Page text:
For the first time, scientists have detected a giant neuron wrapped around the entire circumference of a mouse's brain, and it's so densely connected across both hemispheres, it could finally explain the origins of consciousness.
Using a new imaging technique, the team detected the giant neuron emanating from one of the best-connected regions in the brain, and say it could be coordinating signals from different areas to create conscious thought.
This recently discovered neuron is one of three that have been detected for the first time in a mammal's brain, and the new imaging technique could help us figure out if similar structures have gone undetected in our own brains for centuries.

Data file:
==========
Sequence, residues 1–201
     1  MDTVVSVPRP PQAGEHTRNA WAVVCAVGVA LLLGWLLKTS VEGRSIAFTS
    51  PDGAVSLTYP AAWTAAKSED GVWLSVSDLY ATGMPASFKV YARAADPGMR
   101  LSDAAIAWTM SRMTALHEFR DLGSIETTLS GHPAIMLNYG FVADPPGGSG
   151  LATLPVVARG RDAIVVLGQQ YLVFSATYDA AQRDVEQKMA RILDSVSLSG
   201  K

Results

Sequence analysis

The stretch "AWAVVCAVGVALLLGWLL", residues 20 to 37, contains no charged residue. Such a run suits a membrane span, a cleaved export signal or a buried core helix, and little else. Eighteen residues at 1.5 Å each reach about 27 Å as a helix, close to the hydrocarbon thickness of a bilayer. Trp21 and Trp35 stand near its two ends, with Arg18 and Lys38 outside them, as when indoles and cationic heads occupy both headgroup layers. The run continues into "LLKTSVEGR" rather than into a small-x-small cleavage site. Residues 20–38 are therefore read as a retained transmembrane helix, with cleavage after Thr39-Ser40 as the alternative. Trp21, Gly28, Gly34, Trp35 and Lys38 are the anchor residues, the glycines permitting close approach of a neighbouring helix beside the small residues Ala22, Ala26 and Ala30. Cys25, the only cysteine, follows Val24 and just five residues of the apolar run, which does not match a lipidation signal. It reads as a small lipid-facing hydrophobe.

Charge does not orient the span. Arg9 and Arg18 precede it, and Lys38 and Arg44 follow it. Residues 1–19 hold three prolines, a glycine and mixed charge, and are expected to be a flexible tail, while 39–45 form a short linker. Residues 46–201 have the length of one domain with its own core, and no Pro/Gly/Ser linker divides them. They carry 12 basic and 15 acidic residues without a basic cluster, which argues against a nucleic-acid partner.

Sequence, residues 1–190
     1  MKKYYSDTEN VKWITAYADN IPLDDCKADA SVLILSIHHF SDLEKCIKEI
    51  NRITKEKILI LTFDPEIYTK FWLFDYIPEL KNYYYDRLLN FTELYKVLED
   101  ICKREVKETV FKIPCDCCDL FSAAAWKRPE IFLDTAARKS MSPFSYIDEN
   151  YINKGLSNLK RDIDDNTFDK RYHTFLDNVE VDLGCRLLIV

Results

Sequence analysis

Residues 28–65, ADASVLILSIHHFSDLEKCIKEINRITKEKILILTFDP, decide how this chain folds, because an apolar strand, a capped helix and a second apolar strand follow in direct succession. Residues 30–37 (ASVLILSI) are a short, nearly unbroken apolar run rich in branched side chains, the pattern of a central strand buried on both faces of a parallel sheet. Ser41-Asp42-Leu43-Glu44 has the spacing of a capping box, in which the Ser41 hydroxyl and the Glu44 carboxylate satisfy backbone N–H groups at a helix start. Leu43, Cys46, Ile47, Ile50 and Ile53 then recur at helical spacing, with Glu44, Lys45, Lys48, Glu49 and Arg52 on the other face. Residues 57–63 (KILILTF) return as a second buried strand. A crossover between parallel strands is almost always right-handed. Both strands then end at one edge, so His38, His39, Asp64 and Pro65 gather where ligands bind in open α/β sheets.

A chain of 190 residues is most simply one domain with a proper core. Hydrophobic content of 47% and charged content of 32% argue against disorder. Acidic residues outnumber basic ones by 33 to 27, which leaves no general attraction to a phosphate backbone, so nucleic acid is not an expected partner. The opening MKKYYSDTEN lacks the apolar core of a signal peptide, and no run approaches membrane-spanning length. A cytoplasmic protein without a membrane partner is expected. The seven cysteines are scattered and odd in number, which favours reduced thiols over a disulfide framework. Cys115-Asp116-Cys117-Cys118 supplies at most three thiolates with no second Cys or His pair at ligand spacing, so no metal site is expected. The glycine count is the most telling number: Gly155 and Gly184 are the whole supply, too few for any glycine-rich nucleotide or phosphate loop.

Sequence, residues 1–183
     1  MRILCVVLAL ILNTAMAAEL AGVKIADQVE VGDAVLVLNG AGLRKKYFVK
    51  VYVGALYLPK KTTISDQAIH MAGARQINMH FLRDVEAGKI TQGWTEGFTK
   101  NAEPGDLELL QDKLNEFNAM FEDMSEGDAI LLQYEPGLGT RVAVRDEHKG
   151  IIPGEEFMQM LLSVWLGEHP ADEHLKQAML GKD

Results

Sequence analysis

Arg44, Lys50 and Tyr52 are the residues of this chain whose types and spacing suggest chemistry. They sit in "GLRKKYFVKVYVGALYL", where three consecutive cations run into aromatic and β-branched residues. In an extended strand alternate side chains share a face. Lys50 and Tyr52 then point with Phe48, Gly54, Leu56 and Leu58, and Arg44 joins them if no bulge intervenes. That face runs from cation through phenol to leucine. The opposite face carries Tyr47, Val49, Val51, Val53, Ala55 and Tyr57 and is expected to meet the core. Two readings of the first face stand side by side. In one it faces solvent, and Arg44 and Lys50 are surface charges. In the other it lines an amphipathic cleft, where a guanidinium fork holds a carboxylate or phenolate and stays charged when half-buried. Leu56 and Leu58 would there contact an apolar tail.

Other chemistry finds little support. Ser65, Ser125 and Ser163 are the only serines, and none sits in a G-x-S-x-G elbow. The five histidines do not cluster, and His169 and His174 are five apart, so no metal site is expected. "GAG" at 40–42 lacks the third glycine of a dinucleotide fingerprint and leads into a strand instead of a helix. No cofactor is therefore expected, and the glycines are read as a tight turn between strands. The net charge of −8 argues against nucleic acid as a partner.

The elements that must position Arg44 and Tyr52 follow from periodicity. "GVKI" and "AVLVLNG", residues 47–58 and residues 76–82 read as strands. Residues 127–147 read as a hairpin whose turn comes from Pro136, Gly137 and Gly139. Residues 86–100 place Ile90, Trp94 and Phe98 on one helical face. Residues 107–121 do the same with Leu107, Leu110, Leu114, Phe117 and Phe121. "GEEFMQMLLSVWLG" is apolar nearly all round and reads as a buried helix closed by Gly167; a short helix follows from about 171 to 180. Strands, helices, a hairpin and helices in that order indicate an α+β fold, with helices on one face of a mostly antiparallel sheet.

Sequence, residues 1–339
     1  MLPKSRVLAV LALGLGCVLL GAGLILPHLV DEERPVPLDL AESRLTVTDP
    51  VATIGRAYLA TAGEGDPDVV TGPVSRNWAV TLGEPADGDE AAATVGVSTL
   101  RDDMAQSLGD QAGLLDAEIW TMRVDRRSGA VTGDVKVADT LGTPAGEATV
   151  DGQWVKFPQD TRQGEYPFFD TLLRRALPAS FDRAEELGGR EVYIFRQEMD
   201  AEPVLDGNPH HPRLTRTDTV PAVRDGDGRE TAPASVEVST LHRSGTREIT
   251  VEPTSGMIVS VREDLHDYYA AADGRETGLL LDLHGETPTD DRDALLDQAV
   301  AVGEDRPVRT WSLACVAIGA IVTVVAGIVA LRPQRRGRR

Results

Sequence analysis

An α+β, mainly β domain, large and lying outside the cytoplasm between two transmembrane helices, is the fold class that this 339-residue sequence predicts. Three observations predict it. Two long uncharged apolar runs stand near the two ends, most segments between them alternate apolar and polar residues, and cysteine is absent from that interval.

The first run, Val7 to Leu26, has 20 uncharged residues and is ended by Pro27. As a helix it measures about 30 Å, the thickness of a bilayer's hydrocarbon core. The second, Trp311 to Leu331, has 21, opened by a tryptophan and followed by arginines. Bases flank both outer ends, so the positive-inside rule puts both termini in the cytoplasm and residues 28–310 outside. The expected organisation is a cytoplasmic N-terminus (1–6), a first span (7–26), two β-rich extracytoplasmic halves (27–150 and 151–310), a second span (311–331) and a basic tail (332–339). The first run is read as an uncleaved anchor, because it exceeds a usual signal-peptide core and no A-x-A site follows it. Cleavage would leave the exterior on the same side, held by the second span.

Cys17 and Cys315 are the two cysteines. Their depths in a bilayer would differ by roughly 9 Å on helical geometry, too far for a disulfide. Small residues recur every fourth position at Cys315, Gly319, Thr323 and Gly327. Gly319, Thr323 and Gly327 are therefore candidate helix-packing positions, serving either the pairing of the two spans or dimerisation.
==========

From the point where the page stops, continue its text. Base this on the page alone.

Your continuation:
At a recent meeting of the Brain Research through Advancing Innovative Neurotechnologies initiative in Maryland, a team from the Allen Institute for Brain Science described how all three neurons stretch across both hemispheres of the brain, but the largest one wraps around the organ's circumference like a "crown of thorns".
You can see them highlighted in the image at the top of the page.
Lead researcher Christof Koch told Sara Reardon at Nature that they've never seen neurons extend so far across both regions of the brain before.
Oddly enough, all three giant neurons happen to emanate from a part of the brain that's shown intriguing connections to human consciousness in the past - the claustrum, a thin sheet of grey matter that could be the most connected structure in the entire brain, based on volume.
Via Wildcat2030, Miloš Bajčetić, Tania Gammage, CineversityTV